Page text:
The reason I note this now is because of a blog called Pyromaniac . In a post labeled "You're probably a cessationist, too" the author essentially concludes that even a charismatic is a cessationist under the right conditions. The relevant paragraph states
Again, consider the implications of that claim: Deere and Grudem have, in effect, conceded the entire cessationist argument. They have admitted that they are themselves cessationists of sorts. They believe that the true apostolic gifts and miracles have ceased, and they are admitting that what they are claiming today is not the same as the charismata described in the New Testament.Now this seems entirely reasonable until you go back tot eh beginning of the topic and see what the author's operative definition of a cessationist is:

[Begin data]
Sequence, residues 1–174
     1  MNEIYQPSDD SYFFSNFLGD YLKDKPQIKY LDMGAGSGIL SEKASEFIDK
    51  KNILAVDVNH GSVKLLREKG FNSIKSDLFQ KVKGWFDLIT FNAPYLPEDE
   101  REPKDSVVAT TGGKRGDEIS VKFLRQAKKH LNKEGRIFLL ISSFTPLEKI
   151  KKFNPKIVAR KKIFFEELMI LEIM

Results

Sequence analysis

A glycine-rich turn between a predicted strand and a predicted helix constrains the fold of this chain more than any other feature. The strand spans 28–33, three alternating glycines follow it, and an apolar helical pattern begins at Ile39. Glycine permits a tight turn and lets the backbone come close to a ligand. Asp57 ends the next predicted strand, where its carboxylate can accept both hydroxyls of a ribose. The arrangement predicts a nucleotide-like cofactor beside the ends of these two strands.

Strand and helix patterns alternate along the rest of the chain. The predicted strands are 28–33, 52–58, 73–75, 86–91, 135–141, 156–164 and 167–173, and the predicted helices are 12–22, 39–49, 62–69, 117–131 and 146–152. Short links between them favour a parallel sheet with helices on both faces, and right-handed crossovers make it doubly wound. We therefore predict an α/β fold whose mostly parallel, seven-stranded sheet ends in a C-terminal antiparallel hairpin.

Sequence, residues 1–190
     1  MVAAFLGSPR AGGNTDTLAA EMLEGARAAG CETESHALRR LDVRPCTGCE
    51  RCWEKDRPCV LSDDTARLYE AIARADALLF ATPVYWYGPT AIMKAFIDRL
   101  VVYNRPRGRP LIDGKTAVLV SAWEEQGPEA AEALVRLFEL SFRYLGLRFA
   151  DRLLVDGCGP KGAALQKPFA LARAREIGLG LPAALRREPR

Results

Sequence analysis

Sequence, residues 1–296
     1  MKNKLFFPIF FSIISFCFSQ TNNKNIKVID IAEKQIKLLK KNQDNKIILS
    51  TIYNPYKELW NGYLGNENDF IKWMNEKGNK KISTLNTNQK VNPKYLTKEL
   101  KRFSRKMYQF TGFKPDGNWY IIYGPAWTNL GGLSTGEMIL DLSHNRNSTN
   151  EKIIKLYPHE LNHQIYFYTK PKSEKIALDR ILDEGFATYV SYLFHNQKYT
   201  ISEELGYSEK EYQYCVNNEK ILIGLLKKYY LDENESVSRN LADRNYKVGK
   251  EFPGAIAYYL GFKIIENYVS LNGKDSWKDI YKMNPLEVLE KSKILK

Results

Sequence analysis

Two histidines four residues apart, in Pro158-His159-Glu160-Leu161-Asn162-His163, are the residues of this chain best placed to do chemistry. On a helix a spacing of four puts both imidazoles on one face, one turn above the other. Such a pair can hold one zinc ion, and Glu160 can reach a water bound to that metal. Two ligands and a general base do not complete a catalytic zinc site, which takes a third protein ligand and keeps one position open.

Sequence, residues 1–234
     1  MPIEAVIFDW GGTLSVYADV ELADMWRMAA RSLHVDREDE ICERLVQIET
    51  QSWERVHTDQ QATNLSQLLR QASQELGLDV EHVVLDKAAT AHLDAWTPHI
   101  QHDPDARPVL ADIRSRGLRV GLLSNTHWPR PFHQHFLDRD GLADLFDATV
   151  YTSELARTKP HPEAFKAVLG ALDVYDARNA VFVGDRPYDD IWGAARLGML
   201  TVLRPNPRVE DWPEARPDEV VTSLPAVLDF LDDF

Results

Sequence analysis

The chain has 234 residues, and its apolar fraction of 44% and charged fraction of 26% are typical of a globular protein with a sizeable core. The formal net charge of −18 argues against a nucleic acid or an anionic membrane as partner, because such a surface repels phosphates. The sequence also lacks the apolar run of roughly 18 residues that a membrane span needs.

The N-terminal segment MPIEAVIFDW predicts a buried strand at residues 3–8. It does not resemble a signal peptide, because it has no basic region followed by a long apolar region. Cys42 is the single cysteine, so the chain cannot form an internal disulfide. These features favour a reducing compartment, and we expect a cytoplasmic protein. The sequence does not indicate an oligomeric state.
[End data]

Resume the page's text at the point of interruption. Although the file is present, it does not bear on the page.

If you believe any of the miraculous spiritual gifts were operative in the apostolic era only, and that some or all of those gifts gradually ceased before the end of the first century, you are a cessationist.The problem is that this is not a true definition. Cessationism isn't merely the descriptive position that the author takes, but also a theological/exegetical position that states that in fact there can be no gifts operative outside the apostolic era.
This foundational flaw leads to a series of comments about how charismatics are in fact cessationists to some degree, all based on the descriptive definition. Of course the descriptive is the very thing that many cessationists decry in charismatics: an argument from experience.
I find this to be an equivocation on the author's part, possibly to make whatever position he takes later (there are more installments planned I think), possibly out of honest oversight.
At any rate it is an error that wants correcting. Consider it done.